Hangmen Also Die! (1943)

At the height of the Nazi occupation of Czechoslovakia, four German exiles in Hollywood:

  • director Fritz Lang
  • playwright Bertolt Brecht
  • composer Hanns Eisler 
  • and actor Hans Heinrich von Twardowski

... combined their skills to make Hangmen Also Die!, a surprising film noir propaganda piece about the Czech resistance.

Twardowski plays Reinhard Heydrich, an SS Obergruppenführer and the 'Reich-Protector' of Czechoslovakia, an infamous character from history and known alternately as 'The Hangman' and 'The Butcher of Prague'.

When he is assassinated by a surgeon (played by Brian Donlevy), the city is locked down and the doctor must rely on the help of the resistance to evade capture. 

Hangmen Also Die! is a fine mix of war picture, film noir and political thriller, with other surprising elements including mad Nazi darkness to the fore.

Supposedly, this fine movie was suppressed in the USA because in its final analysis, it was said that it came out in favour of the Communists.

There is however, genuinely only a distant mention of the Russians, who were also it should perhaps be pointed out, British allies at the time. And no suggestion that this is in any way pro-communist, even in spite of the presence of well-known red-writer 'Bert Brecht'.

Brecht was a 'red' of that there was no doubt, and even as early as 1943, this was problematic to many in authority in Amercian life.

So what may have perhaps truly annoyed McCarthy and his fellows, was the film's scathing portrayal of those who snitch on their friends and co-workers, and those who coerce them into doing so!

Now that can get you banned.

Hangmen Also Die! is one of a handful of propaganda films made by Hollywood during WWII to show how various occupied European countries dealt with the situation. This list includes:

  • The Moon is Down (1941)
  • Edge of Darkness (1943)
  • The North Star (1943)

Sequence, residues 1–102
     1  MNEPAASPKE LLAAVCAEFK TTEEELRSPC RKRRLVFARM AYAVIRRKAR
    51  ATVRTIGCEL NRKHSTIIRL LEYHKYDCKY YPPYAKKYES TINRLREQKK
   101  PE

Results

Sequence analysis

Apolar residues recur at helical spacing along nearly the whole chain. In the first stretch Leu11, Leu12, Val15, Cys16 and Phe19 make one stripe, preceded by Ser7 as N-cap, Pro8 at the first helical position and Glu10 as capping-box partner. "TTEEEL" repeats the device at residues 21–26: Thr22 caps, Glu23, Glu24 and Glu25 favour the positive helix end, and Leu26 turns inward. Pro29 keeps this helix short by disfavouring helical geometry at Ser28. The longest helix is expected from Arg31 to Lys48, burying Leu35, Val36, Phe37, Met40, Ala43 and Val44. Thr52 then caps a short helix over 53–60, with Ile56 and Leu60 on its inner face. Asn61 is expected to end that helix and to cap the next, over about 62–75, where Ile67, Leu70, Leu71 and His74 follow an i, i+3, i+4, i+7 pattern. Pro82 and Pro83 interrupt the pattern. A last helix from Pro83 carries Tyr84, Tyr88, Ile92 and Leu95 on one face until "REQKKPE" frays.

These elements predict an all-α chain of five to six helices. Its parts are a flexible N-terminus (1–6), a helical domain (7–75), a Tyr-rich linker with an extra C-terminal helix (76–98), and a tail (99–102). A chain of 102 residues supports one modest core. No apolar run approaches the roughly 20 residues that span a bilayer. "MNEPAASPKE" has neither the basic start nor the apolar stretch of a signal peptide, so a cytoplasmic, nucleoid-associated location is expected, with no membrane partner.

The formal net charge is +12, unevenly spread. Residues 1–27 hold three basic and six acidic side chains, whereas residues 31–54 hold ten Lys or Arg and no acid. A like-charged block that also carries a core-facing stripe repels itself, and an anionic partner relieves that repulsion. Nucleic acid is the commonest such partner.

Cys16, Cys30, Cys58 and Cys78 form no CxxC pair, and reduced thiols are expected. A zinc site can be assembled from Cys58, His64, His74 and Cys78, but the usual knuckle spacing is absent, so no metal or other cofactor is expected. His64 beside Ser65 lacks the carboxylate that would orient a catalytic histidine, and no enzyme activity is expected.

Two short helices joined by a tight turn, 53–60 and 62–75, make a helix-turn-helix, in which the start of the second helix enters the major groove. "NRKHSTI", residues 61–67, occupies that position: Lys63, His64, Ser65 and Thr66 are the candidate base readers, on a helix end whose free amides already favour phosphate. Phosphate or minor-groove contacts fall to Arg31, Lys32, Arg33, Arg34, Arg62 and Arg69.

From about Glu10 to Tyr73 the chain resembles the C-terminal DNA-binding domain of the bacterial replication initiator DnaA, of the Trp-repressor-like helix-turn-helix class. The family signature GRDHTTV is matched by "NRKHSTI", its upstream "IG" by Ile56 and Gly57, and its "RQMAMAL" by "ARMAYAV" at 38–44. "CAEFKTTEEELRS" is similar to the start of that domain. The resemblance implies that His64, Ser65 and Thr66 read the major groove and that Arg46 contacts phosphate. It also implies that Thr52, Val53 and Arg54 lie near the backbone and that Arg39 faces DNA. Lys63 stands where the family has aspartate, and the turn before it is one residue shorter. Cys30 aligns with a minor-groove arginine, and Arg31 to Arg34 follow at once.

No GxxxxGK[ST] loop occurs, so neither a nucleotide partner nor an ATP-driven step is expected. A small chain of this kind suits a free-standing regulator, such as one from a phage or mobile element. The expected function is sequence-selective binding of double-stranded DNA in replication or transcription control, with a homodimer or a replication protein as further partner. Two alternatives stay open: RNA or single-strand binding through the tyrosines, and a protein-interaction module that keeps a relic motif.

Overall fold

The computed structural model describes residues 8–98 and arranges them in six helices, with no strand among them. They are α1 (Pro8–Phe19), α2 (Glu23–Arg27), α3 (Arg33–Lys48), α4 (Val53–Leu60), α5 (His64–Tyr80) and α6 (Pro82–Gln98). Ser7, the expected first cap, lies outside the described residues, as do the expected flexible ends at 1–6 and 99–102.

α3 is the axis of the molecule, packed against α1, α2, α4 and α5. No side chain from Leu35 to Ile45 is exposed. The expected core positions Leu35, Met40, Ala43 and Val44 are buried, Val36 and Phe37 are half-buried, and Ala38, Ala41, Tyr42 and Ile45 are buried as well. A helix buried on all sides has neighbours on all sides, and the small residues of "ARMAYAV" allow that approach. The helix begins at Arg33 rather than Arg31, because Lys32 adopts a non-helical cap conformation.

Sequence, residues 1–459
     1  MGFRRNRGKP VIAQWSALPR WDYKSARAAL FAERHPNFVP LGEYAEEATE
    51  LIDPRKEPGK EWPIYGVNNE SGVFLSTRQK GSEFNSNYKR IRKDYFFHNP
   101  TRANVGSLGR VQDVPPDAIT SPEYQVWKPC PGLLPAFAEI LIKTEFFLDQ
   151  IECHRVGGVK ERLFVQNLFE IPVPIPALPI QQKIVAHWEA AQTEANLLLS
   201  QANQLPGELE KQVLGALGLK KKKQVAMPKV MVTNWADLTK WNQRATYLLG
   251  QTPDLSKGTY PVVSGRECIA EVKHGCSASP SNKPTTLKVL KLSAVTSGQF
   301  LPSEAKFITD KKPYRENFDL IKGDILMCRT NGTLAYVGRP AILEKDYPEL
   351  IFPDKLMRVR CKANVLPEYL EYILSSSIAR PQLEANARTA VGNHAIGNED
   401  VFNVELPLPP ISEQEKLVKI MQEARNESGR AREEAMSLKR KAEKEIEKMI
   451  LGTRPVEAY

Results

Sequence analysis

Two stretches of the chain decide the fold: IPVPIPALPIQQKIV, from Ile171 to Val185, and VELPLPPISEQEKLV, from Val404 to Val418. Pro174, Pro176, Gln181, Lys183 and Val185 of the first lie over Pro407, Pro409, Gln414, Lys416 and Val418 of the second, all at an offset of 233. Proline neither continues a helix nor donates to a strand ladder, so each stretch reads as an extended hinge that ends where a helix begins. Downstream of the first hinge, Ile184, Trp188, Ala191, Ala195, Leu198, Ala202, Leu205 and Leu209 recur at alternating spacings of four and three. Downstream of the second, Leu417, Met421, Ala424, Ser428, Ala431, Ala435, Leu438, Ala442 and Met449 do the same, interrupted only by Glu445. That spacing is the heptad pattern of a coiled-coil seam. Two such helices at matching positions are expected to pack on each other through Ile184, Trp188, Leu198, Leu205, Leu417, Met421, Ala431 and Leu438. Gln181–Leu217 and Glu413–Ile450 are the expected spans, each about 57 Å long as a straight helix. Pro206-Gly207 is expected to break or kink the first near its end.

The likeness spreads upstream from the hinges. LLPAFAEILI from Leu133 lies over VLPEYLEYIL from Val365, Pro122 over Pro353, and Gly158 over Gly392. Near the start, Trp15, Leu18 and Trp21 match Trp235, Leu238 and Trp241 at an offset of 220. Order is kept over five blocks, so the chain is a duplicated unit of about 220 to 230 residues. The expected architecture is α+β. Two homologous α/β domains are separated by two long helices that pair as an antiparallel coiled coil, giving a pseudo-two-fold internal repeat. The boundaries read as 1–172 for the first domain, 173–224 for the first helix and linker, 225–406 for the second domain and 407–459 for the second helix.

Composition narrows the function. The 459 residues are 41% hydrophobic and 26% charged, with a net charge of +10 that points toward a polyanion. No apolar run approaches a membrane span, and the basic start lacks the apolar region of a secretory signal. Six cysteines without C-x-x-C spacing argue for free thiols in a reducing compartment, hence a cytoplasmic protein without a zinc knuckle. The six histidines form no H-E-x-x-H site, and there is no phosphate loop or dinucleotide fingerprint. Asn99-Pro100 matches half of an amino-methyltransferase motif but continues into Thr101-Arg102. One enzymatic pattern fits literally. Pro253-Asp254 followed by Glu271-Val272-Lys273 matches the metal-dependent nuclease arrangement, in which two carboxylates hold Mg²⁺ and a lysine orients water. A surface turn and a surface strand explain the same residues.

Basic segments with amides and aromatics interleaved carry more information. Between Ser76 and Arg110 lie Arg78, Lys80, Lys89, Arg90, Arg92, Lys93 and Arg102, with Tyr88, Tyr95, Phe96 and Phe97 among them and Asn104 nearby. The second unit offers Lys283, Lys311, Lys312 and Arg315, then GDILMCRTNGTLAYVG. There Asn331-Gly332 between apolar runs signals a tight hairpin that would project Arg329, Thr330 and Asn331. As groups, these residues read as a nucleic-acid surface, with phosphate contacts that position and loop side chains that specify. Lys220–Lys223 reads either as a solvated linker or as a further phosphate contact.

• This Land Is Mine (1943)

Hangmen Also Die! is different to these however because the assassination of Heydrich was a real-life event.  This assassination was so popular a theme that it was the subject of two more films:

  • Hitler's Madman (1943)
  • and Operation Daybreak (1975)

Despite being suggested by the actual assassination of Reichs Protector of Bohemia and Moravia Reinhard Heydrich, better known to the Czechs as "The Hangman" because of his excessive brutality in dealing with residents of the conquered regions, Fritz Lang's film is nearly total fiction.

Even so it is a great drama and was surely good anti-Nazi propaganda in its day. It also ships with some great film noir style photography, and a great gallery of Lang grotesques, all working for the Gestapo.

Nazi grotesques in Fritz Lang's Hangmen Also Die! (1943)

Vintage in their portrayal of action, are several scenes near the end, where conflict and passion rise, and Lang tells his story without the script, but in eerie film noir visuals.

Hangmen Also Die! was Bertolot Brecht's only screen credit for an American film, although he is said to have worked on other scripts during his time in America, without receiving any proper public dues. 

He left the United States on 1st November 1947, which was only one day after testifying before House Un-American Activities Committee, very likely a wise move for everybody. 

On the plus side, Bertolot Brecht's stay in America was one of his most prolific periods, and in the USA he managed an outpouring of poetry and prose, and many plays which, when performed on his return to Germany, established his world fame.

You could also argue that fundamentally, a German Marxist émigré writer was never goping to fit in very well within the capitalist film industry, but Holly wood also had strict writing protocols and methods, which did not suit every artistic temperament.

Brecht had been a succeful novelist and writer in Weimar Germany, but these were very different times, and places, and even despite the psyhcological tremors visible in the film noir aesthetics of the 1940s, film was still in the business of realism.

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